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  • National Aeronautics and Space Administration Systems Engineering Using Models EFT-1 Case Study Presentation to PM Challenge 2012 Thomas McVittie Oleg Sindiy Kim Simpson Jet Propulsion Laboratory California Institute of TechnologyCopyright 2011 California Institute of Technology. Government sponsorship acknowledged.
  • EFT-1 Mission Overview Mission Overview: • Reduced Orion Block 0 configuration • Launch FY14 from CCAFS aboard Delta 4H • 2 orbits to high apogee • High energy re-entry • Water landing & recovery Purpose: test & observe key characteristics of the Orion spacecraft • Key Functions: - Nominal jettison/separations - Parachute performance - Attitude Control/Guided Entry - Water up-righting & recovery systems • Environments - Aerodynamic, Aerothermal, Acoustic, Vibration, Loads, Communications, etc. Team • Lockheed Martin (Mission Lead) • NASA (supporting – KSC, JSC, MSFC, SN) 2
  • EFT-1 Mission Overview (continued) Need to ENSURE that we are able to control the spacecraft and gather all of the data needed to meet the flight test objectives. Particularly confusing given the large number of different organizations and required vs desired data flows Raised by MPCV as a significant risk Spawned a joint NASA/LM effort to understand (for all phases): • What resources do we need to record and observe the flight? • What data needs to be collected • What needs to be live vs recorded • How will data be distributed/archived/shared? • What data is proprietary or sensitive and needs to be protected? Systems Engineering team chose to a model-based approach to augment regular systems engineering approaches 3
  • Systems Engineering using Models Life Cycle Support Formalizes the practice of systems engineering through the use of models Broad in scope • Integrates with multiple modeling domains across life Vertical Integration cycle Results in quality/productivity improvements & lower risk • Rigor and precision • Communications among system/project stakeholders • Management of complexity 4
  • Current State Future State Structural Operations Model Plan System Model “System Model” Coupled models of structure, Spreadsheets, viewgraphs, behavior, requirements, and text documents, e-mails, equations. Single source of truth.Power Model meeting notes, etc. Mass Roll-up Checkable. Queryable. Radiation Thermal Model Model 5
  • Technical Approach Work with the distributed NASA/LM team to understand mission needs, trade options, and establish baseline architecture. Use the Systems Engineering Markup Language (SysML) to define the models needed to capture relevant information • Intent is to have a single authoritative source of information • Suitable for driving analysis/simulations (often via external tools) and capture results Understand Key Stakeholder Concerns/Questions and address by defining Custom viewpoints (which also drives definition of model parameters.) • What imagery will be available and when? • How will data be retrieved from Orion? • Who will have access to mission voice loops? • When will a command path to Orion be available? Tools • MagicDraw/Teamwork for the complex modeling and visualization - Viewpoints, diagrams, defining the models & relationships • Web-based forms less technical interaction & wider access for engineers & managers 6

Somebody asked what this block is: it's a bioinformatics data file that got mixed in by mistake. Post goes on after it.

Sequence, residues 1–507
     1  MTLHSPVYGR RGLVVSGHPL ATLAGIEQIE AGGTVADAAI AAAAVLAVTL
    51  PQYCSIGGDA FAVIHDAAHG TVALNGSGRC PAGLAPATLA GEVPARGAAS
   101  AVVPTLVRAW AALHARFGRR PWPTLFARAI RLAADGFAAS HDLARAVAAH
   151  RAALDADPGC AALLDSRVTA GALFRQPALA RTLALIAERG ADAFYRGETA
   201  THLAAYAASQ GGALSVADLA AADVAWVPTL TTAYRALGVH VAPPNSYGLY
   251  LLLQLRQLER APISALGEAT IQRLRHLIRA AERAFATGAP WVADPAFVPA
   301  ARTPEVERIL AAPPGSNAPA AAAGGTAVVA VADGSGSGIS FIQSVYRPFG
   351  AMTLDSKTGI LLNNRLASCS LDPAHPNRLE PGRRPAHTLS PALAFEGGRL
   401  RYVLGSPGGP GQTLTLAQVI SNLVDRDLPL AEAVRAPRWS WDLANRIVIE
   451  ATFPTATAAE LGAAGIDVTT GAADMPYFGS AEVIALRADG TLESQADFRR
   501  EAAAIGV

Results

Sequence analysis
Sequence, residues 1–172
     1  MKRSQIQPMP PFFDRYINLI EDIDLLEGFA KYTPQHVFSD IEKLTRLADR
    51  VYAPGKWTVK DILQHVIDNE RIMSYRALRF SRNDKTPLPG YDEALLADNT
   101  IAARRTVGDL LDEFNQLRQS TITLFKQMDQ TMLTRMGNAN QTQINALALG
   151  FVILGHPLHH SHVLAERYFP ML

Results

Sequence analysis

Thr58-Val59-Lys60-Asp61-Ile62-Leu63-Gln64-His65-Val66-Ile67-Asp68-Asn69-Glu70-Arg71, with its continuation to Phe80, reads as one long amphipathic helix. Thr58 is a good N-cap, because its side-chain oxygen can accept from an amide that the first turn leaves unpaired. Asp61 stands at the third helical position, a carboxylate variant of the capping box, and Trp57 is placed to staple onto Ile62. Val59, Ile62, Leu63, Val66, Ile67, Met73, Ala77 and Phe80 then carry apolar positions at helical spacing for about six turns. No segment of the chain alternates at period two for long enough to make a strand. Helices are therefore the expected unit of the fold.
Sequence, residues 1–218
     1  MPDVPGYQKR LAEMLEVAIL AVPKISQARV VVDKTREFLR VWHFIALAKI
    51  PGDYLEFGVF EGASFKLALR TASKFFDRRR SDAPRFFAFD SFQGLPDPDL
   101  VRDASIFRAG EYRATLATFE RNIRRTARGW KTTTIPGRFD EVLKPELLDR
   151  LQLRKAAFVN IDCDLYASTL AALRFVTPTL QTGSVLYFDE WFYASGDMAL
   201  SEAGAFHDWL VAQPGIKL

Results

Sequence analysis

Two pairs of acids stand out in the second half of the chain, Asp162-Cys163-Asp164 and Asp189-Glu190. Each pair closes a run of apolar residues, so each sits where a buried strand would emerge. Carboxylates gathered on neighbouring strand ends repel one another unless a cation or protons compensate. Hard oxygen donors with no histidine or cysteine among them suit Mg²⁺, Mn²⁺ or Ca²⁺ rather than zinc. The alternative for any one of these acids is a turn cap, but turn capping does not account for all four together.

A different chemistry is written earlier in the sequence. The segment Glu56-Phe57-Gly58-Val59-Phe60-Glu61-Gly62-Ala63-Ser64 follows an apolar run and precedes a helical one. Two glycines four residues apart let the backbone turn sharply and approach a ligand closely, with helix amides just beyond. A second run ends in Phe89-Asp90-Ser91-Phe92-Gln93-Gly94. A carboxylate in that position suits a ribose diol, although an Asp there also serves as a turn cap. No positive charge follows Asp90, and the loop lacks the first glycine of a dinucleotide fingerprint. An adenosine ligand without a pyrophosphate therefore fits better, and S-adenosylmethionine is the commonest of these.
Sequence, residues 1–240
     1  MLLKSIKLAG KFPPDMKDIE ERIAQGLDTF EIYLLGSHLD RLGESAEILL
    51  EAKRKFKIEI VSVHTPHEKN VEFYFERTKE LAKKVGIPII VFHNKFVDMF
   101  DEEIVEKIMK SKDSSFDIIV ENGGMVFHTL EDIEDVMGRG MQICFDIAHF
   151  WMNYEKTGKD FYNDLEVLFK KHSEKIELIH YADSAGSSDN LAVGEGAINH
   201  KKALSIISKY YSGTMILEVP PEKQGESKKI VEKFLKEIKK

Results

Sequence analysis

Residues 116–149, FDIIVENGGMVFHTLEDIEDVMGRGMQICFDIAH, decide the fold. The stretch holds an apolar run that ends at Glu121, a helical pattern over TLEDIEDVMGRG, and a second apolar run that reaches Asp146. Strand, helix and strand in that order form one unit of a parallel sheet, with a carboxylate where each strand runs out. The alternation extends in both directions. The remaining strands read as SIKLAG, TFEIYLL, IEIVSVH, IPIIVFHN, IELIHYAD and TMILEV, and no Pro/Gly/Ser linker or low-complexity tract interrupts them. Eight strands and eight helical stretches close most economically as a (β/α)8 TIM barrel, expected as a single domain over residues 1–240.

• Key Questions and Viewpoints What are the pieces When do What data needs & how can they be configuration to be exchanged? combined? changes occur? Does it match the IRDs? What is the high- Composition level mission? Mission Config’s Needlines How do the systems & Phases need to be connected? OV-1 Connectivity What interfaces IRDs Hybrid Commsdo we need? Core SysML Models Stakeholders Protocol What data goes & Concerns Communications across which Principles Data Exchange Functions Functions connections? Constraints Trades Is there enough Deployment bandwidth? How is data Who is performing packaged/ro which functions & when uted? 7
  • Viewpoint: Mission Overview Key Questions: • What’s the big picture? Viewpoint Features: • Major: phases, assets, communications links, data flows, and deployments. • Object attributes drive color coding. Uses: • Single view that can be used as a high level description the key aspects of the mission • Helps management understand the major players, how they interact, and the issues that need to be worked (color coded). 8
  • Viewpoint: Mission Configuration and Phases Key Questions: • What are the major testing, integration and mission phases? • How does the configuration change between each of these? Viewpoint Features: • key phases and transition events Uses: • Provides a consistent vocabulary for talking about the mission phases and configurations • Basis for defining all other phase-specific configurations - E.g., connections during test vs on-pad operations vs flight 9
  • Viewpoint: Composition Key Questions: • What are the major components? • How can they be combined? • What are the configurations during each mission phase? Viewpoint Features: • Hierarchical list of components (systems, hardware software, people, etc.) • Definition of how they are combined during each phases. Uses: • Clear definition of the components and how they are organized. • Understanding of components available/active in each mission configuration • Understanding of how components are composed into systems 10
  • Viewpoint: Needlines phase Data types Key Questions: • What data needs to be exchanged Flow between systems during each Direction mission phase to meet the mission objectives? • What are its parameters (quantity, quality, security, etc.)? Viewpoint Features: • key data exchange types and sources/destinations Uses: • Definition of data types, • Basis of Interface Requirements Documents (IRDs), Needlines are also linked to : • Understanding of what data will * parameters about a particular flow during a specific phase. be exchanged during each mission * More precise definition of the data types. phase 11